Hip Hop, Social Reproduction, and the Possible Selves of Young Black Men


  • Shantá Robinson The University of Chicago




Black adolescents, youth homelessness, ethnography, hip hop education


Twenty-seven years ago, the documentary Hoop Dreams solidified a theory—that the world of athletics was one of the few places where adolescent Black males could find success. By the late 1990s, researchers were framing athletics as the next direction in the Civil Rights Movement. In this article, I argue that the historical framing of Black boys in athletics—as a way up, a way out—is similar to the contemporary framing of Black boys in Hip Hop Based Education (HHBE). Using an ethnographic case example of the Homeboys, a group of adolescent Black males experiencing homelessness, I maintain that HHBE, without critical implementation and reflection, limits the possible selves of Black boys in socially reproductive ways. Unlike Hoop Dreams, which historically created an incentive to stay invested in formal educational settings, HHBE offers little “possible selves” development for young Black men. This research asserts that if HHBE, and the myriad ways Hip Hop is taken up in formal and informal educational settings is not dually paired with the critical process of institutional actors envisioning all the possible selves that black boys can become, then it becomes another hegemonic socially reproductive tool wielded by educators.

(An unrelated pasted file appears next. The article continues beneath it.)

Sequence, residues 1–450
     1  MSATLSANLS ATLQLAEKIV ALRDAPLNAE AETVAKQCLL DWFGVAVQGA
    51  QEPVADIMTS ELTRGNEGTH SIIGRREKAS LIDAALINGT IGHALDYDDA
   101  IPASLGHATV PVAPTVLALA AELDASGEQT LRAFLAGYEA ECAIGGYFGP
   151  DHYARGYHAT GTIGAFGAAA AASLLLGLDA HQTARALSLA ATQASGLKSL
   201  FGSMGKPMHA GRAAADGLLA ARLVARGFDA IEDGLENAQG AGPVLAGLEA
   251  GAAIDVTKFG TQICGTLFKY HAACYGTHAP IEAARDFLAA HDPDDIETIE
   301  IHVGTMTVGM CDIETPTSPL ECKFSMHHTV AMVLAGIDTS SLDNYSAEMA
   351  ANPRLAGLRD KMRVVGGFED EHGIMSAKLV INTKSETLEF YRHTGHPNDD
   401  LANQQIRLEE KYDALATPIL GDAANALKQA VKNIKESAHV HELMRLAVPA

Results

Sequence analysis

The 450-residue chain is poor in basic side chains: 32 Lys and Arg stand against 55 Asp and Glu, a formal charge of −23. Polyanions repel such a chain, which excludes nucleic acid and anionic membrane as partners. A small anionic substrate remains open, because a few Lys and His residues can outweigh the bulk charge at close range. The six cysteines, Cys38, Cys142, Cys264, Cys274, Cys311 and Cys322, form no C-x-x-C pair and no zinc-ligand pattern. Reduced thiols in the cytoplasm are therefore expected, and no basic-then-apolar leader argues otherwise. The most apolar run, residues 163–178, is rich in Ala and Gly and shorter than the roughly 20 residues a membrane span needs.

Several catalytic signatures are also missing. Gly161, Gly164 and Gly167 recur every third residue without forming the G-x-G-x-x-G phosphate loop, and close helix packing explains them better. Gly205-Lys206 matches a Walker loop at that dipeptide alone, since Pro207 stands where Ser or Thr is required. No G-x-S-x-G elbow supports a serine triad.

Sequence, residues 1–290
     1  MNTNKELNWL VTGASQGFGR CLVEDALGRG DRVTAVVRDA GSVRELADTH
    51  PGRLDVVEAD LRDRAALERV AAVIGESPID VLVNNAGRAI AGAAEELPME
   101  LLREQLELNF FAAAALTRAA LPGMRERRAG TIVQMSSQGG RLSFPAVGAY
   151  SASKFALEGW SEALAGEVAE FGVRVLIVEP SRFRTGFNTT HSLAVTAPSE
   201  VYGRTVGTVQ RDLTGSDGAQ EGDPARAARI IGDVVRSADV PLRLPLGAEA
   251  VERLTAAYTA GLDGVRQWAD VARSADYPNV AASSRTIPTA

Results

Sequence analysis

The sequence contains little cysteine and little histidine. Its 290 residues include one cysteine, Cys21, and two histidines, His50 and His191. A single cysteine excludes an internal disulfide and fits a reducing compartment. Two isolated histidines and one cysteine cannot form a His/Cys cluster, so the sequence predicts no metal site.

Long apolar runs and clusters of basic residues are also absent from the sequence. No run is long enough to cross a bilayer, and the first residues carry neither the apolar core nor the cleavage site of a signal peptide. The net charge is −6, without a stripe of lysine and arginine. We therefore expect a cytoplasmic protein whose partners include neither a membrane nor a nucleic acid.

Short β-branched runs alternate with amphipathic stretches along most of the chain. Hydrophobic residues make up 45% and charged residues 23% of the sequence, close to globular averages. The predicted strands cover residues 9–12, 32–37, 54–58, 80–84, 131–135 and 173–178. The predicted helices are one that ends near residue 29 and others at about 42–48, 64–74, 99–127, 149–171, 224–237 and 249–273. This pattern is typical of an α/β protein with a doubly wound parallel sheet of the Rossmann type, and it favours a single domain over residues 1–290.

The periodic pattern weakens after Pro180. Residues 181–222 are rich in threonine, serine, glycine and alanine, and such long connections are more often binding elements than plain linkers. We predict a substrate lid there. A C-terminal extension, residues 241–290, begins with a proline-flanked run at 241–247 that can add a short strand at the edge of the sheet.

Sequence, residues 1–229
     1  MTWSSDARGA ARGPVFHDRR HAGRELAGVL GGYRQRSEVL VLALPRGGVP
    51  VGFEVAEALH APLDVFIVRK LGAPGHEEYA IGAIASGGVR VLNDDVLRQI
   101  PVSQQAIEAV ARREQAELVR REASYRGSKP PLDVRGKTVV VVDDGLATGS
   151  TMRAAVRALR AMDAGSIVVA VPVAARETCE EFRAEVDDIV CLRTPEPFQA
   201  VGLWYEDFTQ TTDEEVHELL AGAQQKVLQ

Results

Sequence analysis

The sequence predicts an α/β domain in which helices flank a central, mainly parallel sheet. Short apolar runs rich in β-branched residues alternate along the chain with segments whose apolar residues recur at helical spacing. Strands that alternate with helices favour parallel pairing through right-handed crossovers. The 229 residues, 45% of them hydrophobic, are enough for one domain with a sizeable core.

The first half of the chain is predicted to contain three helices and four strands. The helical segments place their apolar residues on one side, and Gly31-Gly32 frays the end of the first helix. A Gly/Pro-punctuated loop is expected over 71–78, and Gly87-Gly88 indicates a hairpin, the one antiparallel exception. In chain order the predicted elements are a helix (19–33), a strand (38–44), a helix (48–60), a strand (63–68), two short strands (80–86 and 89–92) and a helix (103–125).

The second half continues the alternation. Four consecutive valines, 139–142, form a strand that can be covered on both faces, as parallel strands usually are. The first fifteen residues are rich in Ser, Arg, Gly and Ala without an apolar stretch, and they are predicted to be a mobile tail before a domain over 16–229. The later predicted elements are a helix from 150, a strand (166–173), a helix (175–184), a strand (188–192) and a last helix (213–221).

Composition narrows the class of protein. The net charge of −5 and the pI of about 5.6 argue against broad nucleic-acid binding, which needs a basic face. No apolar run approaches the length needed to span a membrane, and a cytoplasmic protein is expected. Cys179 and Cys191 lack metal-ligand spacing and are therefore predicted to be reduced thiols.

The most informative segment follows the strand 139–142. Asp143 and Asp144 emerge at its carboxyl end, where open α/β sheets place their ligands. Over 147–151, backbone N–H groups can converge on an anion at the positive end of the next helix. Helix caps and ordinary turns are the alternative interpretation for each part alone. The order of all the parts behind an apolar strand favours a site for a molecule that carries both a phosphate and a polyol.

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How to Cite

Robinson, S. (2024). Hip Hop, Social Reproduction, and the Possible Selves of Young Black Men. Current Issues in Education, 25(1). https://doi.org/10.14507/cie.vol25iss1.2143